Monologue: The Best Times to do Various Things (Book Recommendations)

Katie Corbett headshot

By Katie Corbett

If you’ve ever wondered “When is the best time to interview for a job?” or, “How often should I update my resume?” I’ve got two book recommendations for you that could answer all your job-related—and personal—questions. Listen to get the full scoop!

The Science of Perfect Timing

Katie Corbett holds the book "When"

By Katie Corbett

I’ve always known that, for me, attempting to solve a logic puzzle at midnight is harder than brainstorming short story ideas. What I didn’t think much about is that science backs this up. In my quest to become more productive, I decided to delve deeper into this topic.

I read the book, “When: The Scientific Secrets of Perfect Timing,” by Daniel H. Pink, and learned that chemicals in the body and circadian rhythm can inform how well humans do at various tasks throughout the day. Here are some lessons I learned about myself through applying the lessons in this book:

• I tracked my time for a week. I learned that, in a given 24-hour period, I only need 7 hours of sleep to function optimally.
• I discovered that it is helpful for me to take melatonin at night to fall asleep faster and stay asleep all night.
• I only need one cup of tea in the morning on workdays to attain optimal alertness.
• I figured out that it is good for me to stop work at around 2:30 p.m. in order to avoid the afternoon slump.
• I found that I socialize and network best in the afternoons and evenings.

I encourage you to track your time and observe your habits, likes and dislikes around your routine. Note that preferences could change as you get older or your life circumstances change. (For example, in college, I used to be a night-owl, but have found I have transitioned to more of a morning person as I have gotten older.) What do you notice about yourself that could inform your decisions going forward? What would you like to find out in order to make changes for greater fulfillment and life satisfaction? What goals are you working towards? How do you hope that the science of perfect timing will help you realize them? If you feel like sharing, let me know in the comments.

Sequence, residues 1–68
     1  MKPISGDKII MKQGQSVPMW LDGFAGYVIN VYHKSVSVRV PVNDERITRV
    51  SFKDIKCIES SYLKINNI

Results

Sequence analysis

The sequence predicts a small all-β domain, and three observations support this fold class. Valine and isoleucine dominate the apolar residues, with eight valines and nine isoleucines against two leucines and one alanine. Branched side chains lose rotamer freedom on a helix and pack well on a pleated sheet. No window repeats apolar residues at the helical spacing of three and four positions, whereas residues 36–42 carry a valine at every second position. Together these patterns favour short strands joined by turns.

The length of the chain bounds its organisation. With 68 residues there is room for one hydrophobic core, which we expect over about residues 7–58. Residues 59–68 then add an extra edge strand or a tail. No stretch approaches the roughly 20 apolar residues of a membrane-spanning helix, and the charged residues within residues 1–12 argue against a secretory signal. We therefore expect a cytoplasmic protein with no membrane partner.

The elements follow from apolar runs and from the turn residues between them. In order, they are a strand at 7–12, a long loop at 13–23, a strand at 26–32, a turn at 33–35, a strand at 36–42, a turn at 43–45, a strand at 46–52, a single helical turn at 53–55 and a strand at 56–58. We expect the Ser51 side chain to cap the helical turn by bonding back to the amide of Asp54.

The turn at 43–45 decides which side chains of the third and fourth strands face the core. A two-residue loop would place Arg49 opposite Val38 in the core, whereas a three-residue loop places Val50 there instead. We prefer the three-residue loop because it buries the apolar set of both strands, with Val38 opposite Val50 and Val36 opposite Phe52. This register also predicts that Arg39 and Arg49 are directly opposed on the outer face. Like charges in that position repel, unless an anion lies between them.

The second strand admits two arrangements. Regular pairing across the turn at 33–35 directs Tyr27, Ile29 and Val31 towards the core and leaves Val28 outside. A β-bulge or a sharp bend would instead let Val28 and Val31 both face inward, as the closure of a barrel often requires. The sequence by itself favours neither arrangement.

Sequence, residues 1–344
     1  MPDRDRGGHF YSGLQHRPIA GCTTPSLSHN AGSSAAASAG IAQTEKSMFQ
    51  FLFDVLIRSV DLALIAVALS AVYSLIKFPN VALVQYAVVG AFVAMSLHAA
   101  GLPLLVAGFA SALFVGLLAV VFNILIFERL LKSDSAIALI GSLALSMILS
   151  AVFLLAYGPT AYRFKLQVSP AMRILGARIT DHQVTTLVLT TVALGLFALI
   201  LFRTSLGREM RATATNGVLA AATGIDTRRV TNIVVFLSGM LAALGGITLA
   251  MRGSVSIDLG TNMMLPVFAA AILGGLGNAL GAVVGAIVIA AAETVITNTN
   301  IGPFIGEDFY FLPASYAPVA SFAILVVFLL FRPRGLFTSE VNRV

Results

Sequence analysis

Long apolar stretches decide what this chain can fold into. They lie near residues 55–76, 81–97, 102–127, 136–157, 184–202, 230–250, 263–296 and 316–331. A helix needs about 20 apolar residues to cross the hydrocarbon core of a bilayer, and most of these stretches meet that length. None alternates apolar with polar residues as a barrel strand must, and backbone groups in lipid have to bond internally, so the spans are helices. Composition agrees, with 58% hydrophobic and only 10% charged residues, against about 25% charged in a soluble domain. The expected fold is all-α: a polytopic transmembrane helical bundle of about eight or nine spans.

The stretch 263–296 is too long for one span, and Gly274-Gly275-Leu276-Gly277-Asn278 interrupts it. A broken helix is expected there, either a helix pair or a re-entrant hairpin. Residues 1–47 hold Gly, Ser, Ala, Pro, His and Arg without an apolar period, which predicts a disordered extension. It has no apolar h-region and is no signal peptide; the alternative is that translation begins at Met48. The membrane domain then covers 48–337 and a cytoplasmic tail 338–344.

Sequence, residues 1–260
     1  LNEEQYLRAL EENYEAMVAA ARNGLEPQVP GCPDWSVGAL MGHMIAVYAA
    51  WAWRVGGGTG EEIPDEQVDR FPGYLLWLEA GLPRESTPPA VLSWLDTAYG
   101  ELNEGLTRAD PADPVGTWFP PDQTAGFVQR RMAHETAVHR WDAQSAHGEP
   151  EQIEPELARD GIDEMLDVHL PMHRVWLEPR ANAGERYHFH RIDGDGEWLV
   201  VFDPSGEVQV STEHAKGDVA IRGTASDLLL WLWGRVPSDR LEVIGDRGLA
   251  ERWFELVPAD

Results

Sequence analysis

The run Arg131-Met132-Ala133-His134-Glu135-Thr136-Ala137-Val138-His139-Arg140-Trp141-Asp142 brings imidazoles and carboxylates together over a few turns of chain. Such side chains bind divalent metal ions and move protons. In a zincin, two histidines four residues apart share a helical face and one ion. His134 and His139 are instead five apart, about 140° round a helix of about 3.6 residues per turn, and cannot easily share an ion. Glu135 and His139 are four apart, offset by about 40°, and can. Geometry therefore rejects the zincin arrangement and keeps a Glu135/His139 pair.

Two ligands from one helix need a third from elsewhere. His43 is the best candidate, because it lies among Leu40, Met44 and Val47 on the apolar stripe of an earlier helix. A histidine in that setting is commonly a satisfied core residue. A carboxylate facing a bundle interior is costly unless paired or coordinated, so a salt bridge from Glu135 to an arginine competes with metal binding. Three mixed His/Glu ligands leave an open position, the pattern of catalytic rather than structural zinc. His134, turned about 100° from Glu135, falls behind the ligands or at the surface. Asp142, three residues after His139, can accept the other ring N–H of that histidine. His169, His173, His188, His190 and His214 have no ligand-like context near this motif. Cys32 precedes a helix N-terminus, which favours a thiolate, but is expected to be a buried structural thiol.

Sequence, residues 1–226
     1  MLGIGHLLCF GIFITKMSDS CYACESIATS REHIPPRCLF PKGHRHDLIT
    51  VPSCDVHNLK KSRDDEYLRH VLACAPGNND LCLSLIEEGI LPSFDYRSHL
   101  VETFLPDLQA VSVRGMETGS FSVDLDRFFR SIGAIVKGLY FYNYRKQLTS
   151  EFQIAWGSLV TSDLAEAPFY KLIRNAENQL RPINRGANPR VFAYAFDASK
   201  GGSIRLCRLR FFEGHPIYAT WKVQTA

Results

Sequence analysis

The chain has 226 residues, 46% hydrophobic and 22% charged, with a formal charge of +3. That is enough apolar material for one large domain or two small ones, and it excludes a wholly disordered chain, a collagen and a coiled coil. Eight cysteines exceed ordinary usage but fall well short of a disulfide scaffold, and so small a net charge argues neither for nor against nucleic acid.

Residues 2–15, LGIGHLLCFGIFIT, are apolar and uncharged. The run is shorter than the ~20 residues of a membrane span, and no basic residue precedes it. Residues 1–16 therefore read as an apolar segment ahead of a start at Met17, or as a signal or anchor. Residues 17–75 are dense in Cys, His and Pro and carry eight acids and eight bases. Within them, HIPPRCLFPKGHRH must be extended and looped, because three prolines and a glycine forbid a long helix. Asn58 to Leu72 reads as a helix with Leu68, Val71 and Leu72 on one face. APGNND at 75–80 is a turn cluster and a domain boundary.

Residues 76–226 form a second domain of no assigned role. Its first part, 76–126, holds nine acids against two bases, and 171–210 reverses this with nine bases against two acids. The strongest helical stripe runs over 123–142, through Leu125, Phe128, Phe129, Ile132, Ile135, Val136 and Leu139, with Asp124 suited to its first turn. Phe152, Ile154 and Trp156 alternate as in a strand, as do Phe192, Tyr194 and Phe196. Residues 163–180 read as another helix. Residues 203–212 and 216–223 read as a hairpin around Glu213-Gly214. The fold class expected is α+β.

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You Really Need to Sort Out Your Priorities

Katie Corbett holds the book, "The 4-Hour Workweek"

By Katie Corbett

In the craziness of daily life, it can be easy to get overwhelmed. Between work, school, family life, friends and all the other responsibilities that come with adulting, it can be a struggle to get back to what is really important. In “The 4-Hour Workweek,” by Tim Ferriss, I found a tip that changed the way I think about my life and the tasks I need to accomplish each day. It goes something like this:

If someone said you only could work for two more hours, and after that you needed to stop everything and recover from a fatal illness, what would you get done in those two hours? Put another way, if someone held a gun to your head and told you that you could only do two things that day, what would you do?

I know these are extreme questions, but sometimes getting extreme is enough to make you pause and really think about the answers. Whenever I’m feeling overwhelmed, I like to stop and ponder those two questions. That way, no matter what else happens that day, I’ll know I’ve accomplished the two things—or the two hours of work—that really needed to get done.

I have a long to-do list today, but I know that I absolutely had to write this blog post and I’m planning to make some phone calls as soon as I’ve finished writing it. So if the world ended, or I got stuck in traffic, or my computer crashed, I will have at least gotten those two things done. To me, that’s worth it—not to mention a lot less stressful.

So, what two things do you absolutely need to get done today? What would you do if you could only work for two more hours?

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